Equipping God's People to Create Missional Culture

A Missional View of the Doctrine of Election – Part II

How a Robust View of Election Leads to a Holistic Gospel and Meaningful Missional Engagement

Catch up on the introduction, if you missed it.

Missional Modes of Theological Reflection
Van Gelder describes the development of missional modes of theological reflection over the last century in his book The Missional Church in Perspective(Van Gelder 2011:15-98). Karl Barth is credited to having kicked things off, as he re-introduced the Trinity and a Trinitarian missiology to the conversation. Consequently the concept of missio Dei developed and there was a shift from a church-centric approach to mission to a Theo-centric approach. The starting point for mission was no longer the church, but God. As Jurgen Moltmann has said, “It is not the church that has a mission of salvation to fulfill in the world; it is the mission of the Son and the Spirit through the Father that includes the church” (Moltmann 1977:64) In other words, there is mission because God is a missionary God.

The initial quest for the historical Jesus as well as the third quest put a needed emphasis on the life and teachings of Jesus, with a developing consensus in regard to Jesus’ central message – the kingdom of God. Thus a more holistic understanding of the good news was developing. God wasn’t just interested in saving individuals, but there was also a corporate and cosmic aspect to the good news.

As ecclesiology and missiology began to be fused back together through the understanding of missio Dei and the kingdom of God, the realization that the church was missionary in essence was being understood at a deeper level, as was reading the scripture with a missional hermeneutic. Lesslie Newbigin was a key figure in all of this, which in turn shaped his approach to the doctrine of election.

With this in mind, I will bring Grudem and Newbigin into conversation, comparing and contrasting their view of election at three particular points – their starting points (key questions and key texts), their understanding of the purpose of election, and how election relates to judgment. I will then assess their views on the doctrine of election from a missional view, looking at how it speaks to the nature of salvation, it’s usefulness for missional engagement and how it shapes our understanding of God.

Join me for part three as we look at their starting points (key questions and key texts) in Part III.

7 Responses to A Missional View of the Doctrine of Election – Part II

  1. love this conversation. thanks for doing some hard work and then passing it along to us, this discussion is like biting into a juicy steak…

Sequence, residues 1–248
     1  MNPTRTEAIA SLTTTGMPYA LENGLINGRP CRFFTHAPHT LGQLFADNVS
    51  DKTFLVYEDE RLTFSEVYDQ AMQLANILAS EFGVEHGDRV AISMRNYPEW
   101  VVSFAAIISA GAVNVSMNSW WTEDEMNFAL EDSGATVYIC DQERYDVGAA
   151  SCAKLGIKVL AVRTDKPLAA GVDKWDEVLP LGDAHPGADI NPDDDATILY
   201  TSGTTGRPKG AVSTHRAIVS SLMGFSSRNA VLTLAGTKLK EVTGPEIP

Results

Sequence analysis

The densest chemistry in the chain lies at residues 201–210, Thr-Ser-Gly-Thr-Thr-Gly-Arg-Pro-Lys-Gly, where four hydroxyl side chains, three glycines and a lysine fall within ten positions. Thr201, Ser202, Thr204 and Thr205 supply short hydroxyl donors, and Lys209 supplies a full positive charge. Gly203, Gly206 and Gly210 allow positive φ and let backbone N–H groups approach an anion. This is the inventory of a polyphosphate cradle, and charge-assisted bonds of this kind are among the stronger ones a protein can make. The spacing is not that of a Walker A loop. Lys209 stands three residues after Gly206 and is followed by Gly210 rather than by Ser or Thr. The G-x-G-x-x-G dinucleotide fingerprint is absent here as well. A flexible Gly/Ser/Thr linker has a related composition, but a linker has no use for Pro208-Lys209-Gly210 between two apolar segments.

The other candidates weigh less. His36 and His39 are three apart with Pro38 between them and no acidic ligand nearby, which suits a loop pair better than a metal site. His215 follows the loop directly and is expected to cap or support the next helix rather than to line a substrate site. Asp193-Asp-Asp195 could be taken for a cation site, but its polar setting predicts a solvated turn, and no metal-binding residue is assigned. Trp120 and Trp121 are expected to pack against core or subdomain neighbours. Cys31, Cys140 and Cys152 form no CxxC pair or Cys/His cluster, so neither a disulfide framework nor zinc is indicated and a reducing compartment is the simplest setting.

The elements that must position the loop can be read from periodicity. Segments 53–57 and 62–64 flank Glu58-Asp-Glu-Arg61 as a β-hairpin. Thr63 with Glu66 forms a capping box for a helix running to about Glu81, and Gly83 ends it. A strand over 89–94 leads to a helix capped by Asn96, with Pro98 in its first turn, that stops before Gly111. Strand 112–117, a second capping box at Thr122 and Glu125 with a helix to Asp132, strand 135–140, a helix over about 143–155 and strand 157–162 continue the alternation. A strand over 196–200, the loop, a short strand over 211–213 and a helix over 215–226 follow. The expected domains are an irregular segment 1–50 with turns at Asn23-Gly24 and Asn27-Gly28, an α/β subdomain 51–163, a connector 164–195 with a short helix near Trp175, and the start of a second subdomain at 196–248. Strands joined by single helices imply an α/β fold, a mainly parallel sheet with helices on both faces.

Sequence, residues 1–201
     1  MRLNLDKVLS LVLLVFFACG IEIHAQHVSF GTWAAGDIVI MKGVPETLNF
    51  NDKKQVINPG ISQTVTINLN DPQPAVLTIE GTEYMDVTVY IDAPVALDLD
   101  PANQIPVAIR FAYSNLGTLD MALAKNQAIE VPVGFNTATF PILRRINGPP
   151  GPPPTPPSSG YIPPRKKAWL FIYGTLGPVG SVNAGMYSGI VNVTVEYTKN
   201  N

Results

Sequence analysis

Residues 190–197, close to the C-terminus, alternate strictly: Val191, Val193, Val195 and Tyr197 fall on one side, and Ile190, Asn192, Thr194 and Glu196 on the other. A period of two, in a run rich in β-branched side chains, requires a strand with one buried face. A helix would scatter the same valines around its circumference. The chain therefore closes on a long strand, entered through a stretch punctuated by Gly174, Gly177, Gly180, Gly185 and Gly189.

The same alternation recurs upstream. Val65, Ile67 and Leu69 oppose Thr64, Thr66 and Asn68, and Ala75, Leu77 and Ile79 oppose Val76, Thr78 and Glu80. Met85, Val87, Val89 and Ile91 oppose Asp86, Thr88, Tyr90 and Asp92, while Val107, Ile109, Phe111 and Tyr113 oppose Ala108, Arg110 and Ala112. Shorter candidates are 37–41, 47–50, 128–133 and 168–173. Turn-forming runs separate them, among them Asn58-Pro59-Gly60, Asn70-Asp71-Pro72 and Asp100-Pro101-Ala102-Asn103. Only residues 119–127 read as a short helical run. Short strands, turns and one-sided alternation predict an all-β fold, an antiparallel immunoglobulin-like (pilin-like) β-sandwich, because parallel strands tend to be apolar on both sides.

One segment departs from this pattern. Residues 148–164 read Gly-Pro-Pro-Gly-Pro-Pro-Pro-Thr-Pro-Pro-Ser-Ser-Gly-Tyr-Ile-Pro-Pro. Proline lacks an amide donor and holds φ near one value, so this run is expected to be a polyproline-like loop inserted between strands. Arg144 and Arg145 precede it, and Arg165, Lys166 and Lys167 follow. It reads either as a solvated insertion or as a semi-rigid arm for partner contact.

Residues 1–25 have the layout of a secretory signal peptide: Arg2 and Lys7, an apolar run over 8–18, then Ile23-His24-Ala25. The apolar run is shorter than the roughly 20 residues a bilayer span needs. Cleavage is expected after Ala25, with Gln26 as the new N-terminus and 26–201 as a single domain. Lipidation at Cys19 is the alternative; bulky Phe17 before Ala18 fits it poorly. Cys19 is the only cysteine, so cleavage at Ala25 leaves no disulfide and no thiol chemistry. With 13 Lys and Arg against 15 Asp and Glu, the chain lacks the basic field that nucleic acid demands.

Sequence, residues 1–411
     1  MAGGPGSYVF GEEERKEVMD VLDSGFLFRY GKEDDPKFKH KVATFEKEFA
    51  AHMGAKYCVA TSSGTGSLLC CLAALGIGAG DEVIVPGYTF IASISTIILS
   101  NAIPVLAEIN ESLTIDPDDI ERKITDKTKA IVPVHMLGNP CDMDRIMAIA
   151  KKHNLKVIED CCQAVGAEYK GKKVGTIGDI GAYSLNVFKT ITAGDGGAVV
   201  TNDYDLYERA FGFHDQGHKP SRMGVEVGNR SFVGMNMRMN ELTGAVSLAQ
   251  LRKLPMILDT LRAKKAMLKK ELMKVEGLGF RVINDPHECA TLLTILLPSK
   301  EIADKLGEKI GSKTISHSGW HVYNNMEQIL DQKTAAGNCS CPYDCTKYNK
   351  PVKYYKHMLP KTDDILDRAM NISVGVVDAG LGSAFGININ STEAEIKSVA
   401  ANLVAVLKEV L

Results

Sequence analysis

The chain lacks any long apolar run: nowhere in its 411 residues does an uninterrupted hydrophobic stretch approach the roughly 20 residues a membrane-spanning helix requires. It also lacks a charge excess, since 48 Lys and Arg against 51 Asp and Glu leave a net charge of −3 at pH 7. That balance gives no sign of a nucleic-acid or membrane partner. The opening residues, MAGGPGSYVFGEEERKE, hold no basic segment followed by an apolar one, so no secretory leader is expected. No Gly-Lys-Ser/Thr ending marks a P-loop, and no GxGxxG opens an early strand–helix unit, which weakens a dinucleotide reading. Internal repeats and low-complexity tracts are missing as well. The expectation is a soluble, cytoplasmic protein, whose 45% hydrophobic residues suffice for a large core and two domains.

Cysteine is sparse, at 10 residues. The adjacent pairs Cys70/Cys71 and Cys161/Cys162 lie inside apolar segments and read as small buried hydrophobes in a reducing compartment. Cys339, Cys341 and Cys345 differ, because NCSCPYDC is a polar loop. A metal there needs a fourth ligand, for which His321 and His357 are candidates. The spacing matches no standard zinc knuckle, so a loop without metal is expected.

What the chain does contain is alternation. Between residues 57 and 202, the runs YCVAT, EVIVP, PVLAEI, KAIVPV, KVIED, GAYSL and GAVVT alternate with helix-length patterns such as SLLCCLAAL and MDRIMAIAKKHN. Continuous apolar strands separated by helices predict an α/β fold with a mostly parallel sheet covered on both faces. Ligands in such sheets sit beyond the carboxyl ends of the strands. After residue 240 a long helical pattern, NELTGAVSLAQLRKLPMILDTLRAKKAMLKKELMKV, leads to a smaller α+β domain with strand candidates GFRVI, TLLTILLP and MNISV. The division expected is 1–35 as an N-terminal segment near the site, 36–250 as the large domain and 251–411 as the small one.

i had grudem in seminary, great guy, great professor. this is a bit of a RABBIT TRAIL (sorry), but since my days at TEDS i have wondered why his sys theo book does not have one chapter devoted to the missio dei. not one.

    i wonder how so many brilliant people can overlook the very nature of our missionary God and the mission that shapes the very core of who the church is called out to be. we definitely need a radical reshaping around our sent Messiah.

    keep up the good work brother.

  2. John says:

    Hi, I am from Australia.

    Who “elected” you?
    And why does everything have to turn out to be Christian?

    Please find a completely different Spiritual Understanding of the Secrets of the Kingdom taught and demonstrated by Jesus while he was alive.


    Plus related references on Truth, Reality and Right Life


  3. JR Woodward says:


    That is cool you had Grudem, he seems like a humble man. I’ve never met him, but I appreciate the time or two that I have heard him on tape. On this issue, as you will see, I think Newbigin has more to offer.

  4. JR Woodward says:


    Hey my friend. Glad you could stop by. I trust as you follow this conversation you might get some inside on how I understand the idea of election and even how it relates to me. As far as your question, it probably depends on what you mean when you say “Christian”.

  5. Andrew Arndt says:

    Yo dude – glad I saw this. Been preaching through Ephesians in Bloomland this summer… so these issues are front and center. Looking forward to your thoughts and ALWAYS love when I get a chance to remember how much I love Newbigin : )

  6. JR Woodward says:


    I think you will love the next few posts on this topic. Newbigin is the man. I love the book of Ephesians. Dude, we should talk on the phone soon. I’d love to catch up. Your bro.

  7. markn12 says:

    The missional conversation is fascinating. I got introduced to it through The Faith of Leap, a new book by Michael Frost and Alan Hirsch about how the church must embrace risk and adventure and eschew the idols of safety and security if it is to remain viable. Here’s a link: http://dld.bz/Z5ba. Looking forward to what you have to say next!

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